Superplastic Deformation Mechanism of an Ultrafine-grained Aluminum Alloy Produced by Friction Stir Processing


An ultrafine-grained (UFG) Al-4Mg-1Zr alloy with a grain size of ∼0.7 µm with predominantly high-angle boundaries of 97% was produced by friction stir processing (FSP). The UFG Al-4Mg-1Zr retained submicrometer grains even after static annealing at 425 °C, and exhibited excellent superplasticity at 175-425 °C. High strain rate and low-temperature superplasticity of > 1200% were observed at 1 × 10-2-1 × 10-1 s-1 and 300-350 °C. Even at 425 °C, a superplasticity of 1400% was achieved at 1 s-1. A linear relationship between logover(ε, ̇)opti and T was observed (where over(ε, ̇)opti is the optimum strain rate, and T is the temperature). The analyses on the superplastic data revealed the presence of threshold stress, a stress exponent of 2, an inverse grain size dependence of 2, and an activation energy of 142 kJ mol-1. This indicated that the dominant deformation mechanism was grain boundary sliding, which was controlled by lattice diffusion. Based on this notion, a constitutive equation has been developed. A new superplastic deformation mechanism map for FSP aluminum alloys is proposed.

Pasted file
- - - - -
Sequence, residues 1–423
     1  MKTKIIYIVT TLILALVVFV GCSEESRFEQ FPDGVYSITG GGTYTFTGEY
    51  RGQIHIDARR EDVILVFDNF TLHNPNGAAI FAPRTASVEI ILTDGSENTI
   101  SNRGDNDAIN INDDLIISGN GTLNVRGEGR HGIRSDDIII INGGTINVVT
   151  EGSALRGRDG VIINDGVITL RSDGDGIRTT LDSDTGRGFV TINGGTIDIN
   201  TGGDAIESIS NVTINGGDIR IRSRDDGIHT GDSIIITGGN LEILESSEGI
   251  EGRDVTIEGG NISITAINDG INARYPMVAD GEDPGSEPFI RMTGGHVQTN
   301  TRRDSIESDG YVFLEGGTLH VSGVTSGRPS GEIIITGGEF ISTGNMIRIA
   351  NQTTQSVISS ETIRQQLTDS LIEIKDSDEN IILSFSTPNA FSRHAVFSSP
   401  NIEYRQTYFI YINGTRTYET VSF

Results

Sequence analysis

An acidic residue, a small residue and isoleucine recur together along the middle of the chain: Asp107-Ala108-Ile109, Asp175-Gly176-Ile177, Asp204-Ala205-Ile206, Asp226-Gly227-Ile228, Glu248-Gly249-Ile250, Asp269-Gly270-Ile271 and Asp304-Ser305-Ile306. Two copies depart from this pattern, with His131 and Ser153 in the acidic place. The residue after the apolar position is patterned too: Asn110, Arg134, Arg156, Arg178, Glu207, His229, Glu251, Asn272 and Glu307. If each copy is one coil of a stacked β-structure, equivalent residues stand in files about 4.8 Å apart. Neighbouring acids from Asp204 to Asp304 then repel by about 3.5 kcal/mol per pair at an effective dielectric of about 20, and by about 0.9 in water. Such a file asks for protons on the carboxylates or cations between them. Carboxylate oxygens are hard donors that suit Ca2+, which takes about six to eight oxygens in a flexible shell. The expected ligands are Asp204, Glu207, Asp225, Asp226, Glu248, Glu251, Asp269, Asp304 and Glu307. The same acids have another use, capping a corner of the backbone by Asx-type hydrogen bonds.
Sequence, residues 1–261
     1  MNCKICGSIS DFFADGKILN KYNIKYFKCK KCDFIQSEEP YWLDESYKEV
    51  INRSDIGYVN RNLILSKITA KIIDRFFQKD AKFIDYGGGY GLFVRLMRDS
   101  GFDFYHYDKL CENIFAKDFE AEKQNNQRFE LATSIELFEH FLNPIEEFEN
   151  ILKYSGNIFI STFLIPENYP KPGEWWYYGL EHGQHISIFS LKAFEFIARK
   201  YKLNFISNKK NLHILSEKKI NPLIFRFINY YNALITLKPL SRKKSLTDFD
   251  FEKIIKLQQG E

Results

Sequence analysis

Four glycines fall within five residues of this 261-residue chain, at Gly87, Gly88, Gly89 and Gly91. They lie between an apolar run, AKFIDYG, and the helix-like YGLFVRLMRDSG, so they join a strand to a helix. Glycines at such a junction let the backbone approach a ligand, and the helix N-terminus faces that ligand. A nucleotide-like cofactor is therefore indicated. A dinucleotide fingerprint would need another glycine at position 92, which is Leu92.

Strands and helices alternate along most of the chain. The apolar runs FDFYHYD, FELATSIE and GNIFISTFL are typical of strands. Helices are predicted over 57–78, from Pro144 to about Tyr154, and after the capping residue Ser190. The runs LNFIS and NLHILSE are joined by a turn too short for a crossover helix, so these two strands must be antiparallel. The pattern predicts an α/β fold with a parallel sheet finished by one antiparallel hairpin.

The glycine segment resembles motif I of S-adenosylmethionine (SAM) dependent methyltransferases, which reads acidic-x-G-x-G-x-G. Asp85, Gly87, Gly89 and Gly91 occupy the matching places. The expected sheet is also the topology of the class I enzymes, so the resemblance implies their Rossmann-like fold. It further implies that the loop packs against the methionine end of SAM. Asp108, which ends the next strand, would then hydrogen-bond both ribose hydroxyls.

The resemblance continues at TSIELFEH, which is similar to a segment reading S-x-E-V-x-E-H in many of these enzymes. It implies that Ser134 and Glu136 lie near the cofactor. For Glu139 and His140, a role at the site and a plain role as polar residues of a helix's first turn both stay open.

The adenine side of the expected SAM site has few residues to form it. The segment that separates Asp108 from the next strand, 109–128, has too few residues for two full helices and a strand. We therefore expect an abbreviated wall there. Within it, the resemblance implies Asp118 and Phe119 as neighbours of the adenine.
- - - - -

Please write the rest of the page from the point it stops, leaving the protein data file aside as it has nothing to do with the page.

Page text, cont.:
Hundred Talents Program of Chinese Academy of Sciences
National Natural Science Foundation (China)
National Outstanding Young Scientist Foundation of China
National Science Foundation (U.S.)

Keywords and Phrases

Dominant Deformation Mechanism; Friction Stir Processing; Grain Size; High Angle Boundaries; High Strain Rates; Inverse Grain Size; Lattice Diffusion; Linear Relationships; Low Temperature Superplasticity; Static Annealing; Stress Exponents; Submicrometers; Superplastic Deformation Mechanisms; Threshold Stress; Ultra Fine Grained Microstructure; Ultrafine-grained; Activation Energy; Aluminum; Aluminum Alloys; Aluminum Metallurgy; Friction; Grain Boundaries; Grain Boundary Sliding; Grain Size And Shape; Microstructure; Superplastic Deformation; Superplasticity; Tribology; Zirconium; Strain Rate

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© 2010 Elsevier, All rights reserved.

Publication Date

01 Aug 2010